Innovation and business support - Babergh and Mid Suffolk

The district councils have put significant resource into supporting businesses in their market towns through the development of, and investment in, a virtual high street digital platform.

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Babergh and Mid Suffolk are two separate district councils based in the county of Suffolk, to the west and north of Ipswich but with a shared workforce and administration.

Although combined, the two districts are different in size with Mid-Suffolk comprised of three market towns and Babergh with two towns situated on the borders of Essex and Suffolk. Both districts have a mix of rural areas and towns, the challenges associated with more rural areas such as transport and connectivity and diverse economies.  Mid Suffolk has clusters of manufacturing, engineering, haulage and logistics and Babergh, retailing, manufacturing and tourism.

The two districts have two of the ten Space to Innovate Enterprise Zones in Suffolk, Gateway 14 (Mid Suffolk) which focuses on agri-tech, food and health, digital and media businesses and Eastern Gateway focused on logistics and distribution (Babergh).

Mid-Suffolk saw a 5 per cent decrease in its employment rate during Covid and both districts more than doubled their UC claimant rate, with the highest rates impacting on the 18-24 age ranges.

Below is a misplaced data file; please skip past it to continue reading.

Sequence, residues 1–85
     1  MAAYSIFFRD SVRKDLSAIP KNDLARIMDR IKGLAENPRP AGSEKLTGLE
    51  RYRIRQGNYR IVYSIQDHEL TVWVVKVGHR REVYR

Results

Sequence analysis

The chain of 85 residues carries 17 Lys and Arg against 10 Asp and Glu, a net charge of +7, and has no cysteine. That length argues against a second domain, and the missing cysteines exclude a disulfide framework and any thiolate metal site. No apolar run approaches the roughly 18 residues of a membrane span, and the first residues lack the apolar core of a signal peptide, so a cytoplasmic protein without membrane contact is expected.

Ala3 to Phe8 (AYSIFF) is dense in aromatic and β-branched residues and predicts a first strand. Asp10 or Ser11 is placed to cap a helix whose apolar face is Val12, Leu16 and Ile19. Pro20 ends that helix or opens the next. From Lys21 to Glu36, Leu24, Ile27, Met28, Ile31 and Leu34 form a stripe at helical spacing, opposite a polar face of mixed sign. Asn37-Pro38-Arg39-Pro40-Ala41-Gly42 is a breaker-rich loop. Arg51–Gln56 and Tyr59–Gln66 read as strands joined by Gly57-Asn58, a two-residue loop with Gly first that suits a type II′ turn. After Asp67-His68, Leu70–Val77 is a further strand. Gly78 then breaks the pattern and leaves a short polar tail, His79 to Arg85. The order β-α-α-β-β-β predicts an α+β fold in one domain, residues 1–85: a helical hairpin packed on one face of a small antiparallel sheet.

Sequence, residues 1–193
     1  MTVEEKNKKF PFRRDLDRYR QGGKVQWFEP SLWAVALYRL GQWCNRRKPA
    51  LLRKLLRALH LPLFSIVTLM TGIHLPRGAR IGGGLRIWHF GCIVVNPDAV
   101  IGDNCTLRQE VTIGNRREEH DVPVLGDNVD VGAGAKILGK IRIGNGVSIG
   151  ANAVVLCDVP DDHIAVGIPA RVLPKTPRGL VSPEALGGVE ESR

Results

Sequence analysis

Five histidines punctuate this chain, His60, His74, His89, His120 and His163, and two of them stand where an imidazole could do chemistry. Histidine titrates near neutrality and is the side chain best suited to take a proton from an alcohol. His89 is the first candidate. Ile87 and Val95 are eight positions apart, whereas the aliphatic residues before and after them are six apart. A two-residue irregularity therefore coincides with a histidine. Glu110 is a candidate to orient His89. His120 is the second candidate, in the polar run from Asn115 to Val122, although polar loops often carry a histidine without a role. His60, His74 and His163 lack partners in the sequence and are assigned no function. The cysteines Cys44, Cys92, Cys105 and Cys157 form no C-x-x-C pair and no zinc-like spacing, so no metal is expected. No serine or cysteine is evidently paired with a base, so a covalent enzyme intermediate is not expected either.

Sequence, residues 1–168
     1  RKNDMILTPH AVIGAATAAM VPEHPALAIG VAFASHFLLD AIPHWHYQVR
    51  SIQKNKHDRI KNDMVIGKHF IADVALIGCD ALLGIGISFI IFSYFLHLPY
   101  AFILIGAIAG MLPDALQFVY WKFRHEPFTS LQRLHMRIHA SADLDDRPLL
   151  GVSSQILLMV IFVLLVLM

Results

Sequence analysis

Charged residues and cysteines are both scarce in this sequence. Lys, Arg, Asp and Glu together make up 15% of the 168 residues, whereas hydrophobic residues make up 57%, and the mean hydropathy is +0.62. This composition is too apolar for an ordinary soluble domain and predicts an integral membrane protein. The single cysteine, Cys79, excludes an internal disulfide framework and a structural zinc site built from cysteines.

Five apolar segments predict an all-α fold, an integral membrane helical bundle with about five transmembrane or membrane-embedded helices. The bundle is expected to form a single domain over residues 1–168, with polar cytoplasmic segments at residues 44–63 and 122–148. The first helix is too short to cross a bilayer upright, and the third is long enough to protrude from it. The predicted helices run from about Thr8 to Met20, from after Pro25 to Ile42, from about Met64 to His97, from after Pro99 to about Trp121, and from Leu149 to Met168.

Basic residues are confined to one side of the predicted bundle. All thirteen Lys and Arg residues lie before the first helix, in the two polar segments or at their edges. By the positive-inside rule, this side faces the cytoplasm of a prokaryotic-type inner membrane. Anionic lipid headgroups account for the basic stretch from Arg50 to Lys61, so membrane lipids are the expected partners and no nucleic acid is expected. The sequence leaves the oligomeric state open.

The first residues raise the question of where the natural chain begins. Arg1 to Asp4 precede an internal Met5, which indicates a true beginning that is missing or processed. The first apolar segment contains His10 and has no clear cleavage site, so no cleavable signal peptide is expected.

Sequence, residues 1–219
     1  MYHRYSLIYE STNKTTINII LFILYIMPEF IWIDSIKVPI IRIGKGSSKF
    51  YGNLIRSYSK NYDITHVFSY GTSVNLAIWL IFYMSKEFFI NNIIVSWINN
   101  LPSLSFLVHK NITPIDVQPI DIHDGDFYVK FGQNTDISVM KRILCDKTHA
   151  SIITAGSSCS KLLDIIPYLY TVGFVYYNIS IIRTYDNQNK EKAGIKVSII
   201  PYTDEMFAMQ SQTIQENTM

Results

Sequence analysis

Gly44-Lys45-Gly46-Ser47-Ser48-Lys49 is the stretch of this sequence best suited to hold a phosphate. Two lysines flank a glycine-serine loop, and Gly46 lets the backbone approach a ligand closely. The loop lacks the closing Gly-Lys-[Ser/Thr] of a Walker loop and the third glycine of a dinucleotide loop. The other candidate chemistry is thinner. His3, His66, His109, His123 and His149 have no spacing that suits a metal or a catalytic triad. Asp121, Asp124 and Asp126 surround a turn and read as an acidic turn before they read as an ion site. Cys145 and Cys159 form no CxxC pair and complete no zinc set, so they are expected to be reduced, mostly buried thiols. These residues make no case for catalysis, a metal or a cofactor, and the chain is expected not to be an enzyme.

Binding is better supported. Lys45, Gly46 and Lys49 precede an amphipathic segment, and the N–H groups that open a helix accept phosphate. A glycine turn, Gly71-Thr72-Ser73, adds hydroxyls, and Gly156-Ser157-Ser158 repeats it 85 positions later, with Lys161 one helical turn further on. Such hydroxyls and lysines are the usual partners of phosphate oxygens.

Furlough rates in both districts have been relatively static over the past year, Mid-Suffolk and Babergh rates were 14 and 15 per cent in January 2021 respectively. This suggests that there are likely to be impacts once furlough ends not least for people who are made redundant having been on furlough for a long period of time and have potentially become de-skilled.

The team

The economic development team is relatively young and has grown to respond to the recovery needs of the two districts from four to ten members of staff, with a further expansion anticipated of fixed term and permanent roles to support the councils’ Recovery Strategy and Economy Strategy.  Although working in different economies, the team divides their time equally between the two districts focussed on improving the whole of the area.

The response

The district councils have put significant resource into supporting businesses in their market towns through the development of, and investment in, a virtual high street digital platform.

The virtual high street was developed with the Innovation Lab Stowmarket a new venture between Orbital Media and entrepreneurs, which initially was supported by seed funding from Mid Suffolk Council. It is run by a group of businesses who have come together (with support from the councils) to introduce further innovation to the area and provides hot desking space, networking opportunities and mentoring for smaller businesses who want to innovate and grow. One business that is involved in the lab is Queue Technology, an online media microbusiness. 

In response to the first national lockdown, Sudbury Town Council was looking at creating a website for independent traders as the markets and shops closed overnight.  Babergh District Council worked with Queue Technology and Sudbury Town Council to develop a platform for Sudbury businesses to advertise their services and products. The programme included investing in the start-up costs for the platform, support for reaching out to businesses to take up the service and providing them with the digital skills needed to take advantage of the opportunity. The Councils have now secured funding to extend the service to other towns in Babergh and Mid Suffolk.